Frustration with Washington vented at governor’s transportation hearing

Local News

NASHVILLE, Tenn. (WKRN) – Frustration with Washington over transportation projects was heard loud and clear Tuesday at Governor Bill Lee’s budget hearings.

Much of it involved the uncertainty of federal lawmakers passing new funding laws that help provide money for projects in states like Tennessee.  

“I want to discuss the predicament we are in today,” said Deputy Tennessee Department of Transportation (TDOT) Joe Galbato at Governor Bill Lee’s state budget hearings.

For years, transportation officials in states around the country have said Washington keeps kicking the can down the road with what’s called continuing budget resolutions.

Those resolutions dribble out funds instead of a new overall. Much talked about federal transportation bill that both parties used to champion almost daily.

The federal action would leave state officials with much needed “certainty” so they can better plan and pay for transportation projects that depend on the federal dollars.

Instead, Tennessee’s top transportation executives told Governor Lee they have to be cautious in issuing contracts with money that may or may not be there.

It means a shorter construction season with an impact in every corner of the state.

“So that will impact our ability to do work,” said TDOT chief engineer Paul Degges. “And It will impact jobs in the industry.”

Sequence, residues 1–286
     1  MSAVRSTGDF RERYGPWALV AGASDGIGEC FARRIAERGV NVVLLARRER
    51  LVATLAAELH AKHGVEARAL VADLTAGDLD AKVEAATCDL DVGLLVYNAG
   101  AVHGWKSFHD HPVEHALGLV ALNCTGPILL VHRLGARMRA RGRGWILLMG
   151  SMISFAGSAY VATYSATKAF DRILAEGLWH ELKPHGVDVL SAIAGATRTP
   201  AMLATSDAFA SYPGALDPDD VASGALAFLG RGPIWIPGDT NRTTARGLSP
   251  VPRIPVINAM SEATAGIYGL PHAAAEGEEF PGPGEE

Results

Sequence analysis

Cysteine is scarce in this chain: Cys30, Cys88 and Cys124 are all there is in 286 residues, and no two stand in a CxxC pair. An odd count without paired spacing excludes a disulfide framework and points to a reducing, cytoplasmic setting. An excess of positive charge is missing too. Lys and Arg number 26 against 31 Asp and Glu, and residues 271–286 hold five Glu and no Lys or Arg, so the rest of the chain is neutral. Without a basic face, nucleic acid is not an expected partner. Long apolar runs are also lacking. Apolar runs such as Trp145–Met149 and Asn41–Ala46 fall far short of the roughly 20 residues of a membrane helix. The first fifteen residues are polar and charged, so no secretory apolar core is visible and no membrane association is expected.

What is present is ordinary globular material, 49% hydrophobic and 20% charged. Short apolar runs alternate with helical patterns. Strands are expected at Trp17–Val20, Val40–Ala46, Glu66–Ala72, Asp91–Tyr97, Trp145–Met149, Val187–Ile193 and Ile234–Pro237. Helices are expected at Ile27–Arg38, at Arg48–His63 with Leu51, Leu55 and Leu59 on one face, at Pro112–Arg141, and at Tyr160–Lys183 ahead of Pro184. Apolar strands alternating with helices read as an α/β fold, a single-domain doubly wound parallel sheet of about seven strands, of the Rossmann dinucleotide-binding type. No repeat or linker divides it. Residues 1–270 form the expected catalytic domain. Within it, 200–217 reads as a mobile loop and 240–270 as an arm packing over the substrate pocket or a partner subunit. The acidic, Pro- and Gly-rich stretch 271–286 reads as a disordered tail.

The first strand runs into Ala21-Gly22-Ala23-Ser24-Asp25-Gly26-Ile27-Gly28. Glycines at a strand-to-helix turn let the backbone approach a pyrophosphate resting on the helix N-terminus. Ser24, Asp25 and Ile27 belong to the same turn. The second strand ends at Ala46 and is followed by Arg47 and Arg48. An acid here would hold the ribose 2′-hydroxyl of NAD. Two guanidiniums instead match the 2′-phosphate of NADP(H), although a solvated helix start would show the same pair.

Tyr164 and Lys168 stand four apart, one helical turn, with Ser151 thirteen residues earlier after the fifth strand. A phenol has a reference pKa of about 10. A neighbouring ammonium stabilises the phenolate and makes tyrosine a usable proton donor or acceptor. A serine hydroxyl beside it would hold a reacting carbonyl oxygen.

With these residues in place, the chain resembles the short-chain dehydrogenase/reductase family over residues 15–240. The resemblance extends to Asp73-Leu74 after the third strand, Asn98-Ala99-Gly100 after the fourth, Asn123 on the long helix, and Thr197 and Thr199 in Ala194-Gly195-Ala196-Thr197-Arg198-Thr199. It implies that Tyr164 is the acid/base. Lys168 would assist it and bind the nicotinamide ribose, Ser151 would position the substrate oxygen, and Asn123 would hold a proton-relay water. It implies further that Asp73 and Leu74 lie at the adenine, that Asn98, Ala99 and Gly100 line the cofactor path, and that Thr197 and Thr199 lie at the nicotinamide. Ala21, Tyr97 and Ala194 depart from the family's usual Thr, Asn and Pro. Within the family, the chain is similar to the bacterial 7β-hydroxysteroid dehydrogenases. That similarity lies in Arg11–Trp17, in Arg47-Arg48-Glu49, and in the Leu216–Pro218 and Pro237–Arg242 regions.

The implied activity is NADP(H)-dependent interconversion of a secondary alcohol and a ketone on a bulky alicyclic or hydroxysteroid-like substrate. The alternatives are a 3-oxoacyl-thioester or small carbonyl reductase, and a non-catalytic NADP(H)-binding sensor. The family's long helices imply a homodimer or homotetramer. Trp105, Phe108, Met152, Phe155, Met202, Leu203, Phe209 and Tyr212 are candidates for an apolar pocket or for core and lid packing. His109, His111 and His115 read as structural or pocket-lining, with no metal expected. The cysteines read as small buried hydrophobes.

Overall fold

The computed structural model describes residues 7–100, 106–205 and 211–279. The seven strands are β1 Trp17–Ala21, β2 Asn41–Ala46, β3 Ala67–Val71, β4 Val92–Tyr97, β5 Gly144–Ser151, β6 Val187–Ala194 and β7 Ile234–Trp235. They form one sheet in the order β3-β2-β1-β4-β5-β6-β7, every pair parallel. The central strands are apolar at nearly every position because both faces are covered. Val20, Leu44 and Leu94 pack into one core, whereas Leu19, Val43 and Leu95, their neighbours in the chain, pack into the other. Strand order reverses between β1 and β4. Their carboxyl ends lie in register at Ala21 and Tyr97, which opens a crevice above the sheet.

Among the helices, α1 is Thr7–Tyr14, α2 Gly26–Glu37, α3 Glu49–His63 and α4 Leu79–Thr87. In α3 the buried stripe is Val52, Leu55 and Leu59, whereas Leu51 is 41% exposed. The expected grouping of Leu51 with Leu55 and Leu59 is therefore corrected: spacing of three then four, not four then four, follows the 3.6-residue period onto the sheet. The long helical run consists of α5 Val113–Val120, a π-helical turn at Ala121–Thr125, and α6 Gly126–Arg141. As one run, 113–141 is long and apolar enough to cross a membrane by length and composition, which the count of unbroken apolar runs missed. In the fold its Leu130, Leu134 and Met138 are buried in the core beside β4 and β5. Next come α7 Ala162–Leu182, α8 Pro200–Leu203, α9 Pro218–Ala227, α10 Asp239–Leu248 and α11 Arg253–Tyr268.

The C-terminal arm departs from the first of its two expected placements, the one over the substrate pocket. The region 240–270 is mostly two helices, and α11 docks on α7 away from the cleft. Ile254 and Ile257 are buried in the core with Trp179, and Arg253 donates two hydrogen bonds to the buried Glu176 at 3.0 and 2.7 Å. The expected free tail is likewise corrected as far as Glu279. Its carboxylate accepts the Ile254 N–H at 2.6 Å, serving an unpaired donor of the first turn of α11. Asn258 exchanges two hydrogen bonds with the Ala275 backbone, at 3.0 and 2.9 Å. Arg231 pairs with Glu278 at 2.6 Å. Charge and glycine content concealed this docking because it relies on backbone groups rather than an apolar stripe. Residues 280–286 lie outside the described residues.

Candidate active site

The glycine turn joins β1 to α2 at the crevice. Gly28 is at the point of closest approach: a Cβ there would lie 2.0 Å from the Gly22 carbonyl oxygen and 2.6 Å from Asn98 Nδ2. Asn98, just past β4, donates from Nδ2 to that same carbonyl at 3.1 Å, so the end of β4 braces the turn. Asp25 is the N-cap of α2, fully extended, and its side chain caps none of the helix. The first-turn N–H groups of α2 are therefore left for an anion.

Afterwards before reporters,  a plea to Washington came from TDOT Commissioner Clay Bright.

“We have got to have a sustainable long-term plan and we can’t do this with continuing resolutions,” he said without hiding frustration.

The governor added his role in the transportation dilemma starts with Tennessee’s Congressional delegation.

“I can push forward through our elected officials there who I know are pushing forward on funding, but we are at the mercy for a portion of that funding,” said Lee about inaction by Washington.

TDOT execs also said the ten year plan for projects funded the recent state gas tax (IMPROVE Act) are being pushed out now to twenty years for completion.

Commissioner Bright cited funds being brought in by the gas tax and lack of indexing for inflation as some of the reasons.

“Instead of a process of 10-years, we are looking at twenty plus,” added the commissioner.

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